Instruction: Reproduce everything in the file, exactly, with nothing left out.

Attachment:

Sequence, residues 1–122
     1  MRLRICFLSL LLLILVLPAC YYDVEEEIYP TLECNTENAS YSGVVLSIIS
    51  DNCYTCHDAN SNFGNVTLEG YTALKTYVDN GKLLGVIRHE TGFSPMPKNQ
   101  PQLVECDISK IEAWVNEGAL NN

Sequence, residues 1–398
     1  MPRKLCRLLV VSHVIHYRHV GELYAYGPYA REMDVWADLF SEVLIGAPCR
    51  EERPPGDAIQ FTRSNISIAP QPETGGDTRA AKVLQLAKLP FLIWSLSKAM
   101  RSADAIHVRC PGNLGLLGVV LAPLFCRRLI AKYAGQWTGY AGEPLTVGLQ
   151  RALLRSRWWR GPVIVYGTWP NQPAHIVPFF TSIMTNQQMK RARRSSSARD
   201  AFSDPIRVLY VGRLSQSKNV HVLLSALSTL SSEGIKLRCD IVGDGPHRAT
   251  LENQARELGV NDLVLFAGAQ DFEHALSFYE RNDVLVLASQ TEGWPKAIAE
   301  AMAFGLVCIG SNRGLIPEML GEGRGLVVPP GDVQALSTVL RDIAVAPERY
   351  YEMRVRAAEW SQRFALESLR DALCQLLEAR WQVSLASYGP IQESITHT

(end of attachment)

Sequence, residues 1–122
     1  MRLRICFLSL LLLILVLPAC YYDVEEEIYP TLECNTENAS YSGVVLSIIS
    51  DNCYTCHDAN SNFGNVTLEG YTALKTYVDN GKLLGVIRHE TGFSPMPKNQ
   101  PQLVECDISK IEAWVNEGAL NN

Sequence, residues 1–398
     1  MPRKLCRLLV VSHVIHYRHV GELYAYGPYA REMDVWADLF SEVLIGAPCR
    51  EERPPGDAIQ FTRSNISIAP QPETGGDTRA AKVLQLAKLP FLIWSLSKAM
   101  RSADAIHVRC PGNLGLLGVV LAPLFCRRLI AKYAGQWTGY AGEPLTVGLQ
   151  RALLRSRWWR GPVIVYGTWP NQPAHIVPFF TSIMTNQQMK RARRSSSARD
   201  AFSDPIRVLY VGRLSQSKNV HVLLSALSTL SSEGIKLRCD IVGDGPHRAT
   251  LENQARELGV NDLVLFAGAQ DFEHALSFYE RNDVLVLASQ TEGWPKAIAE
   301  AMAFGLVCIG SNRGLIPEML GEGRGLVVPP GDVQALSTVL RDIAVAPERY
   351  YEMRVRAAEW SQRFALESLR DALCQLLEAR WQVSLASYGP IQESITHT